Thin the seedlings to 6in (15cm) apart. Replant the thinnings. Hoe regularly and feed every three or four weeks. Mulch to deter weeds and conserve moisture.
Keep moist at all times for the most succulent roots and to minimise woodiness, bitter flesh and bolting. Make sure they get at least an inch of water a week, soak the ground during periods of drought.
Many of the brassica problems are occasionally seen, but they are not likely to be serious. The crop matures quickly and so it is not affected by diseases which develop slowly or pests which are at their peak when kohl rabi is absent from the garden. Rotate your crops, plant brassicas in the same ground only once every four years.
Sowing to picking: 8-12 weeks, July to December
Clip young leaves for eating as steamed greens throughout the season. Pull the swollen stem bases (‘globes’) when they are midway in size between a golf ball and a tennis ball, three to five inches
Pick as much as you need, and let the remainder continue to grow, pull as required until December. Fresh kohlrabi stores up to a month in the fridge, or 12 months in the freezer, providing it has been blanched.
When eating raw, trim the outer green leaves and peel the skin. Chop, grate or slice and add to coleslaw and salads, vegetable platters or use as a substitute for cabbage, radishes and water chestnuts. To liven up soups, stews or stir-fries, add some cubed kohlrabi near the end of cooking so it keeps its crunch and distinctive flavour.
Kohl Rabi might look like an alien life form, but it is thought to have been deliberately developed in Northern Europe during the 16th Century. It was created by artificial selection for lateral meristem growth; its origin in nature is the same as that of cabbage, broccoli, cauliflower, etc: They are all bred from, and are the same species as, the wild cabbage plant (Brassica oleracea).
The kohlrabi plant was named by botanists as Brassica oleracea variety caulorapa, with the last word meaning, "stem turnip." The name comes from the German Kohl meaning “cabbage" plus Rübe ~ Rabi (Swiss German variant) meaning ”turnip", because the swollen stem resembles the latter. However, the actual "Kohlrübe" exists too and corresponds to the rutabaga in English, the swede which is distinct from the kohlrabi.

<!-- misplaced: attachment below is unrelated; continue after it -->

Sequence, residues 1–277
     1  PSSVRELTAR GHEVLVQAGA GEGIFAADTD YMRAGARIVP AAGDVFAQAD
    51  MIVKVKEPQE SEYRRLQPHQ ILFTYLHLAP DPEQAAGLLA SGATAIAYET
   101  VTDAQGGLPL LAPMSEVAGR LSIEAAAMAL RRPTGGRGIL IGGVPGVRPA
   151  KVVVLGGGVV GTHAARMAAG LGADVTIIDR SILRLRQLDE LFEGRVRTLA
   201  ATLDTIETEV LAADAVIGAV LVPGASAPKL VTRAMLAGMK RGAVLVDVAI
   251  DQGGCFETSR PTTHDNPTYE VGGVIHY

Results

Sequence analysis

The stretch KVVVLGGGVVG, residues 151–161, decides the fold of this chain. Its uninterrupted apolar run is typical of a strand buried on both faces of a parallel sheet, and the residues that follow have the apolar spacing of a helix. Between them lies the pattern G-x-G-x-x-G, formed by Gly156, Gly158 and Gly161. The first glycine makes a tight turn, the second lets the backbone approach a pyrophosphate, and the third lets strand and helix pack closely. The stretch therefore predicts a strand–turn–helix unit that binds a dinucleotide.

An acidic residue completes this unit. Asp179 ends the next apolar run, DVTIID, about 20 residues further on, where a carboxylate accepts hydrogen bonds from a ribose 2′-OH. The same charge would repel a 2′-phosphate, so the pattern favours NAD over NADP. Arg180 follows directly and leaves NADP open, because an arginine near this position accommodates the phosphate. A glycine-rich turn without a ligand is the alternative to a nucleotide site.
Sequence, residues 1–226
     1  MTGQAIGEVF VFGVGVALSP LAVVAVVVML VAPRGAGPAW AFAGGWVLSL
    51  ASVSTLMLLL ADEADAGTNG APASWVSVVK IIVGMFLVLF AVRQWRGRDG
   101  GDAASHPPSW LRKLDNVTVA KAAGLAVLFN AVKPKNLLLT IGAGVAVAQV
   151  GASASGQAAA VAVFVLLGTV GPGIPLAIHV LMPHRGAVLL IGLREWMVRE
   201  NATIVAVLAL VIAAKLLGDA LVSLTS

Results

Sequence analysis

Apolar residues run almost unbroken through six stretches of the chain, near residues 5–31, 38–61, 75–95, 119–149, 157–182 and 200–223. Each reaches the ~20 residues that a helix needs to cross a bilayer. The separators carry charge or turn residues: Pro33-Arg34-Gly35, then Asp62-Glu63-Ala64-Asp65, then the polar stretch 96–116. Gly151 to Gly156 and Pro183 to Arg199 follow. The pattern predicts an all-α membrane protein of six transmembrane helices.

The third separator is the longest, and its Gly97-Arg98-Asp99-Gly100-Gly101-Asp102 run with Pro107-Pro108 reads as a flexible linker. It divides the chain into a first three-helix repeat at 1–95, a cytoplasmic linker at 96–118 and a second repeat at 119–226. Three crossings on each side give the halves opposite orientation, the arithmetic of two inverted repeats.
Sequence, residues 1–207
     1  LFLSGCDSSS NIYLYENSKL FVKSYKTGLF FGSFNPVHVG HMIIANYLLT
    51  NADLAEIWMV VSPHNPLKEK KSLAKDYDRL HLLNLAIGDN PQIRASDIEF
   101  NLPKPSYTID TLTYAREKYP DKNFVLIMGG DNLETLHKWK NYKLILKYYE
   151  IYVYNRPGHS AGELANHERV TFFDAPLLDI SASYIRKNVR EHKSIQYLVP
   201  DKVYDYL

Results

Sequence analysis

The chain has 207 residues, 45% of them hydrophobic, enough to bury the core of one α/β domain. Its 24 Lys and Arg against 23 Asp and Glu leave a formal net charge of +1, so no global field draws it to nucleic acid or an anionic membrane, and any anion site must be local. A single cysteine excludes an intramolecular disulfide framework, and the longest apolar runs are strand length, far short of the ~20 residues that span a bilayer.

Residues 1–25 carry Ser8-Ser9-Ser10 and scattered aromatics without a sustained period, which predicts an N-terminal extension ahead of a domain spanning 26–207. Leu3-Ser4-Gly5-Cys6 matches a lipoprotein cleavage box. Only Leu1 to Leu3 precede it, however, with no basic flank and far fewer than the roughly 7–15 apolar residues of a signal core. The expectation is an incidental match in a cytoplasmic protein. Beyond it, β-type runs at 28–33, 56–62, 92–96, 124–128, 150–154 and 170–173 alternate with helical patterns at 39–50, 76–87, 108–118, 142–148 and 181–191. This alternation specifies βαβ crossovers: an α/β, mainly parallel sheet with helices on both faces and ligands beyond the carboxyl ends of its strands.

Green, white and purple skinned varieties exist, the most popular being light green, although the purple variety is less common, it is also sweeter.
The greenish skin types are called "White Kohlrabi." Purplish-skinned Kohlrabi is sometimes called "violet", and other times called "red." Regardless of skin colour, all types are white inside.
Plant science: "Lignification"
The process of impregnation of cell walls with lignin is called lignification.
- From "Trees - their use, management, cultivation and biology" by Bob Watson. – Lignification is the process of lignin wax being laid down on the inside of cell walls, resulting in death, but not necessarily dysfunction, of the cells. Also used as a generic term to describe the process when woody plant tissues harden up prior to the onset of winter.
- From Collins dictionary of botany - Lignin is a complex carbohydrate polymer making up about 25% of the wood in trees. It is also found in the cell walls of sclerenchyma tissues and vessels, fibres and tracheids at maturity. It increases the strength of such tissues.
- Additional Information
Packet Size 165 mg Average Seed Count 50 Seeds Common Name White or Green Kohlrabi Family Brassicaceae Genus Brassica Species oleracea, Gongylodes Group Cultivar F1 Korfu Hardiness Hardy Biennial Height 30cm (12in) Spacing Sow very thinly 1cm (½in) deep, 7.5cm (3in) apart in rows 30cm (12in) apart Time to Sow Sow successionally between end of February and the end of August Germination 10 days at 8°C to 30°C. (46 to 86°F) Time to Harvest 75 to 80 Days